The layers of copper 104, 106 can be deposited to a thickness of about 5 μm to 200 μm using electroless deposition, followed by electrolytic deposition. Electroless deposition and electrolytic deposition can be performed using solutions, equipment and techniques that are known in the art. Although copper is a preferred metal for the base layers 88, 94, other suitable metals include nickel, gold tin as well as other depositable metals. Rather than electroless and electrolytic deposition, the layers of copper 104, 106 can be deposited using any suitable deposition process. Next, as shown in FIG. 3F, a dry film photoresist can be laminated to the layers of copper 104, then exposed and developed as previously described, to form a deposition mask 108M on the layer of copper 104, and a deposition mask 110M on the layer of copper 106.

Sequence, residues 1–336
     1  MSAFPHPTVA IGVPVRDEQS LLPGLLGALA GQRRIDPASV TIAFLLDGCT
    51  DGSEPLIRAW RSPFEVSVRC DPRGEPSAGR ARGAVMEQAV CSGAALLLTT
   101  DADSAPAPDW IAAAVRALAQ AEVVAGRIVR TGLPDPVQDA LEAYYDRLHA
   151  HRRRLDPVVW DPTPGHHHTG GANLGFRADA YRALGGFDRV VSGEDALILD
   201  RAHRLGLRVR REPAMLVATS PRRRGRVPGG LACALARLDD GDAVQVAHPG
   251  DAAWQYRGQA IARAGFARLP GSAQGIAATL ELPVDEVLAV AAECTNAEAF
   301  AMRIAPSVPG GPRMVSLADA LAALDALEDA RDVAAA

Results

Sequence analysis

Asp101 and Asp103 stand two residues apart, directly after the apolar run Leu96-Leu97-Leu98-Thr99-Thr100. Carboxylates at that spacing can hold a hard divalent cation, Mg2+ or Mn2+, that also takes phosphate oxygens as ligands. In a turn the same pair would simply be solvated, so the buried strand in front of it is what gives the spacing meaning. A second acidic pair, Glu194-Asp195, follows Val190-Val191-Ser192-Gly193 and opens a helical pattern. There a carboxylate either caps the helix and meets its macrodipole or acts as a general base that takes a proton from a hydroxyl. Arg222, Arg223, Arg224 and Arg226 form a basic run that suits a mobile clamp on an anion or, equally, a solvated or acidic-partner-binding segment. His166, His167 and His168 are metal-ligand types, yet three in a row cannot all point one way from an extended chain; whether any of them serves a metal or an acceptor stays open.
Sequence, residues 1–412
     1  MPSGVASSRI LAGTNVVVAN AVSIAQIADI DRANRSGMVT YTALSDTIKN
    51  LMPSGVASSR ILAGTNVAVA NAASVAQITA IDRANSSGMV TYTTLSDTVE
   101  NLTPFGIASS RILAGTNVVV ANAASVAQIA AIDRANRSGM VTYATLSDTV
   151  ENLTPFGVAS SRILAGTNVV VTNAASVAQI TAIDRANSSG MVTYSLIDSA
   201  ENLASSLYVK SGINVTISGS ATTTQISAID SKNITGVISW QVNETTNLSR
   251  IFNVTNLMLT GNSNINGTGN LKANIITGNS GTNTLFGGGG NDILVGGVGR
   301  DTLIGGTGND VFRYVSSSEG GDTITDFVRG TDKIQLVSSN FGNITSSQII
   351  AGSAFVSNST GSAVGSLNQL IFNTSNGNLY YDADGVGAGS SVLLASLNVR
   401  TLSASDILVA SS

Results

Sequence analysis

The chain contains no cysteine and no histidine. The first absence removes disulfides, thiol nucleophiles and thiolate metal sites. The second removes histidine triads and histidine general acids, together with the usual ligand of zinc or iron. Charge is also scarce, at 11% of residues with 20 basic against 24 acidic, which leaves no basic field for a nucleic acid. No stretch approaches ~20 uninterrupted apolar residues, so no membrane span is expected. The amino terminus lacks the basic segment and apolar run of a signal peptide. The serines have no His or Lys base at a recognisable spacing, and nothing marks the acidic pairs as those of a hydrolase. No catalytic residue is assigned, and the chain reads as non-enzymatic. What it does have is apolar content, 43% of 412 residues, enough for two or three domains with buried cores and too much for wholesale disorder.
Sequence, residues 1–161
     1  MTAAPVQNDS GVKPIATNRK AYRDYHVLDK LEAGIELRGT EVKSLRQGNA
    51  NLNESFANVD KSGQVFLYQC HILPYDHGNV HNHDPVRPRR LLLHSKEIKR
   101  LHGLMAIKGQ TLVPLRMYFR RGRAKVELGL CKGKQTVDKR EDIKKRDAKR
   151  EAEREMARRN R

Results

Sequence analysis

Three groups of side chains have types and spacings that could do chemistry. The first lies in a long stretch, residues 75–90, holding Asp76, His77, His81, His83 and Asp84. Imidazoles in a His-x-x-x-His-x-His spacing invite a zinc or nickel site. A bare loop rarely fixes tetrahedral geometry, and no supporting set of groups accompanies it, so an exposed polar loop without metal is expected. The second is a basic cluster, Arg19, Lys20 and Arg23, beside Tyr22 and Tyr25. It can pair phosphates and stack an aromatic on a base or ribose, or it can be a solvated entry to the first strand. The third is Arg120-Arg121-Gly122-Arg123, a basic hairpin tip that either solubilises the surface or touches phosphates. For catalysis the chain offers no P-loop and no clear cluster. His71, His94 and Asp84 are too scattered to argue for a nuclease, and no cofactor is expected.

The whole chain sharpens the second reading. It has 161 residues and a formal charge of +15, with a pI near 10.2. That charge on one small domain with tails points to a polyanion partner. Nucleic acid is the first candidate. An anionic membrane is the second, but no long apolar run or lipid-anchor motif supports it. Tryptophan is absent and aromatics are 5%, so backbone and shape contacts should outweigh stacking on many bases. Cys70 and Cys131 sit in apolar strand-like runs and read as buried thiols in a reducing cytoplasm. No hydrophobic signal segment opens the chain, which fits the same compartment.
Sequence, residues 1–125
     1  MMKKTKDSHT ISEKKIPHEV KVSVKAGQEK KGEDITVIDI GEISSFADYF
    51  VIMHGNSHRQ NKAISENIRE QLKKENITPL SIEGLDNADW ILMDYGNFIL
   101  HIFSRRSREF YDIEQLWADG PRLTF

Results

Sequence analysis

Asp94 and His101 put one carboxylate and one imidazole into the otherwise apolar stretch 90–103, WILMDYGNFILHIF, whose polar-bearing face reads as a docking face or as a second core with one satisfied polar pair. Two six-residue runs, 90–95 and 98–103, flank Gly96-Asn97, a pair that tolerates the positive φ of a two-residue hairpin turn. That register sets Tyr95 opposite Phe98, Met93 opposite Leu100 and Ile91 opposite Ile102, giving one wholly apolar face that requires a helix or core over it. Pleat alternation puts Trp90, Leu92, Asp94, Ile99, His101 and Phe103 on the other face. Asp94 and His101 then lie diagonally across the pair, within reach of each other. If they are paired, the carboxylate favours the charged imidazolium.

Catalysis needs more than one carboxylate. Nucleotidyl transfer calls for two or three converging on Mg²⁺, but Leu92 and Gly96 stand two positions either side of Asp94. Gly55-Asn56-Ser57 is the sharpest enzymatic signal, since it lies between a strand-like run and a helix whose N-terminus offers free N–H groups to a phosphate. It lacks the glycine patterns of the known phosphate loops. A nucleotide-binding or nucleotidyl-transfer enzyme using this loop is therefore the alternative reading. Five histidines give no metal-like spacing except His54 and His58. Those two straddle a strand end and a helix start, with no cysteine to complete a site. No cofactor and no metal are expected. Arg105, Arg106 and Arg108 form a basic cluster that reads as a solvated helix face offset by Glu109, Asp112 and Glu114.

Next, as shown in FIG. 3G, the deposition mask 108M can be used to deposit the bump layers 90 (FIG. 3G), and the outer layers 92 (FIG. 3G) for the external contacts 84 (FIG. 2C). Similarly, the deposition mask 110M can be used to deposit the bump layers 96 (FIG. 3G) and the outer layers 98 (FIG. 3G) for the die contacts 86 (FIG. 2D). Either electroless or electrolytic deposition process can be used to deposit the bump layers 90, 96 and the outer layers 92, 98. In addition, techniques, solutions and equipment that are known in the art can be used to perform the deposition processes.